This story popped up last year, focusing on Kip Macy’s legal issues. Kip is a BSD developer, contributing to FreeBSD and having worked on checkpoint support in DragonFly. Another side of his story has come to light. He and his wife could use the support, but there is (that I know of) no immediate way to help.
It would be nice if there was some common news source for BSD topics, instead of being an also-ran for Linux; this is an example of where an online community can support its own members, instead of that negative story that has been out for months.
Hasso Tepper has updated the DRM code (from FreeBSD) with some caveats.
There is, of course, DragonFly project ideas for Google’s Summer of Code. There are also idea pages up for FreeBSD and NetBSD, both also participating this year.
Dmitry Komissaroff has posted a port of wlan, ath_hal and if_ath from FreeBSD. It’s not finished because he lacks the hardware. If you’ve got the hardware, the inclination, or both, please assist.
Alex Hornung has done some preliminary work with llvm/clang, and has successfully compiled a GENERIC DragonFly kernel, and completed a buildworld, using it. He also has some very nice notes available detailing the work. There’s potential for cross-BSD work with FreeBSD on this one, too.
Oliver Fromme has a new bootloader for FreeBSD and DragonFly. He’s added the DragonFly logo, and it looks neat. Can someone test this on physical hardware?
Nikita Glukhov is porting tmpfs from FreeBSD/NetBSD, and is looking for some feedback.
I’ve wanted tmpfs or something similar for a while; I have a reoccurring (if not quite realistic) fantasy of building a system with a ridiculous amount of RAM and using it as a disk.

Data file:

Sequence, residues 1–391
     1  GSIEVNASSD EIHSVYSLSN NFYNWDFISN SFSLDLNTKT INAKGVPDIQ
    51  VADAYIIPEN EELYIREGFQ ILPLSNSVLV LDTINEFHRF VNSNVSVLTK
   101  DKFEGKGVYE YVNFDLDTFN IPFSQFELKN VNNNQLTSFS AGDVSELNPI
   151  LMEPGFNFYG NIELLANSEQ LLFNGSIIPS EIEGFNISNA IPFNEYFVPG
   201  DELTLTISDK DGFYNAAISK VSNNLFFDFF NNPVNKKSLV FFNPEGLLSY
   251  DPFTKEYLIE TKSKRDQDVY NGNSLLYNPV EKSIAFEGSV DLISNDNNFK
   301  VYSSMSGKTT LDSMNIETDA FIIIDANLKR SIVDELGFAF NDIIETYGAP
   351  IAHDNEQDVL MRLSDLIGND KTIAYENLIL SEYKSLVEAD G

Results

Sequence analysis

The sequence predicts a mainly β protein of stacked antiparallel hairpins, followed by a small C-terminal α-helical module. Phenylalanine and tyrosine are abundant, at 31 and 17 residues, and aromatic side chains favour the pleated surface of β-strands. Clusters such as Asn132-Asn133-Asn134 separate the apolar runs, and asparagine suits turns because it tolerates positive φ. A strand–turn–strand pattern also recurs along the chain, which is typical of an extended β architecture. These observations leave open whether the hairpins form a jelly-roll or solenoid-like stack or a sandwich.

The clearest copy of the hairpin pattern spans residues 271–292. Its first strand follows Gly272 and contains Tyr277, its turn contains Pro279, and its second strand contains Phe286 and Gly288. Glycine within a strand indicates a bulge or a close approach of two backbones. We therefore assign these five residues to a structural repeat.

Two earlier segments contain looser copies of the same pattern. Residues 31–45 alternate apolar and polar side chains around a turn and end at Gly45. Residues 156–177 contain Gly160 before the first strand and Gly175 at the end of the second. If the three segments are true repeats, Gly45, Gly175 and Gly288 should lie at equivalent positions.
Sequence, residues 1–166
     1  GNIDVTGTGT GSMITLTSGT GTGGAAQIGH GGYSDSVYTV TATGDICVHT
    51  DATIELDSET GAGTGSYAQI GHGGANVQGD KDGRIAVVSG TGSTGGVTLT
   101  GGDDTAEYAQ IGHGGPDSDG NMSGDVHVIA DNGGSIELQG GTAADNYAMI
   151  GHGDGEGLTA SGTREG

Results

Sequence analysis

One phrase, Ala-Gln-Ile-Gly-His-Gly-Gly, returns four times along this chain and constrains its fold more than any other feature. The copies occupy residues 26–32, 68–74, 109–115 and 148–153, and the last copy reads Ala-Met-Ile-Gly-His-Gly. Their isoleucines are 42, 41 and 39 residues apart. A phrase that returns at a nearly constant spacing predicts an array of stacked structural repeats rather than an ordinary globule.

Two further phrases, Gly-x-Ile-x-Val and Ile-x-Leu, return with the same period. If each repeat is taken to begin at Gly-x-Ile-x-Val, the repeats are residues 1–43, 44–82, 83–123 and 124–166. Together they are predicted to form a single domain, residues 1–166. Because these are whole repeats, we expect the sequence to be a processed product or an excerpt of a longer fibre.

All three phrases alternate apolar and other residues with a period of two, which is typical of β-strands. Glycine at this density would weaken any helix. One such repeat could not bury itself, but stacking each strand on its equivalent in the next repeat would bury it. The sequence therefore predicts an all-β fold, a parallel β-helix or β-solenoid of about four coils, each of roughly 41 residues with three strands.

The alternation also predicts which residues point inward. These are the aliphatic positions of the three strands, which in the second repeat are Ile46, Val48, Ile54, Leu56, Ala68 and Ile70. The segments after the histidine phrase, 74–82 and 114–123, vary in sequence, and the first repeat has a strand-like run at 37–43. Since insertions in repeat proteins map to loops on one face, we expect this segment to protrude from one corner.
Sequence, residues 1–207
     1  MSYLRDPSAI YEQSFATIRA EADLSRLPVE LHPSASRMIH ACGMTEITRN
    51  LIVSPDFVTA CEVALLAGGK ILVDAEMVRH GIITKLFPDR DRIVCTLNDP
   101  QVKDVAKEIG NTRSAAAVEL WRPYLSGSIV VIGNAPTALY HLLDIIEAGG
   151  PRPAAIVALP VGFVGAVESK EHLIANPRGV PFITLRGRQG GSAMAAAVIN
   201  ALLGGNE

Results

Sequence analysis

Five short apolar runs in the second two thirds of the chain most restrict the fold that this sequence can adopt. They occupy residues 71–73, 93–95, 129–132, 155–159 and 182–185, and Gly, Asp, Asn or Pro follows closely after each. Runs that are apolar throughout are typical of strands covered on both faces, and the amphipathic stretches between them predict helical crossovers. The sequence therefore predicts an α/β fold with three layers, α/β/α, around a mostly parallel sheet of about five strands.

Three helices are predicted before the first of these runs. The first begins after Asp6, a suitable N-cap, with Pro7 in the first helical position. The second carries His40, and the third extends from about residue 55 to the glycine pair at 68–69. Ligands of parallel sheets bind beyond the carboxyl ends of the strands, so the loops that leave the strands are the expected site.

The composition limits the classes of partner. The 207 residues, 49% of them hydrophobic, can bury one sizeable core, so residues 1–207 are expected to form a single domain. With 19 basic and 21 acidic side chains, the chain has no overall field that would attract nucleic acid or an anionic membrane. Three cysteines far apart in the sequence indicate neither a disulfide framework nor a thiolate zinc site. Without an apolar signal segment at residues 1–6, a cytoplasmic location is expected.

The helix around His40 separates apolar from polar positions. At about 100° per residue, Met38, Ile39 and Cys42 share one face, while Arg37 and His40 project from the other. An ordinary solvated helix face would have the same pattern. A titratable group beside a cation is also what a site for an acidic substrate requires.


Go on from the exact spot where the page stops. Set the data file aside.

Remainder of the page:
Freddie Cash has an interesting writeup of how he put together a very capable and cheap backup system using ZFS; this is part of a larger discussion on Hammer, ZFS, performance and solutions.
A vulnerability in telnetd code common to FreeBSD and DragonFly was just discovered; it’s been fixed in DragonFly using code from NetBSD in 1995, strangely enough. (via #dragonflybsd on EFNet)
The FreeBSD Foundation is looking to give people money to work. (pdf) Specifically, they have USD $30K to give to people wanting to work on FreeBSD subsystems. Fight global recession!
EuroBSDCon 2009 is being held September 18-19th in Cambridge, UK. That’s a long way off, but they just opened their call for papers.
Art & Code is March 7th, at Carnegie Mellon. “Programming for Artists” – it’s cheap, and the output should be interesting. (via)
‘Timofonic’ spotted this post by an NVIDIA employee describing the changes needed for better performance/support of NVIDIA chipsets in FreeBSD. This could apply to DragonFly., though I daresay these issues would already be fixed (or at least worked on) if it wasn’t a closed-source driver.
Of course, while I’m at it, I may as well wish for a pony and a million bucks, as there’s probably business reasons for the closed-source driver that are more compelling than the opinion of Some Guy with Blogging Software Installed.
Colin Percival is looking for donations to support his work over the summer handling security issues for FreeBSD, Portsnap, and FreeBSD Update.Â He’s very close to meeting the goal.
Matthew Dillon is planning to start userland VFS work in about a month; this led Andreas Hauser to ask if FUSE could be brought in as for FreeBSD.Â Csaba Henk, who ported it to FreeBSD, said “yes, but better“!
FreeBSD 2.2.9 is released.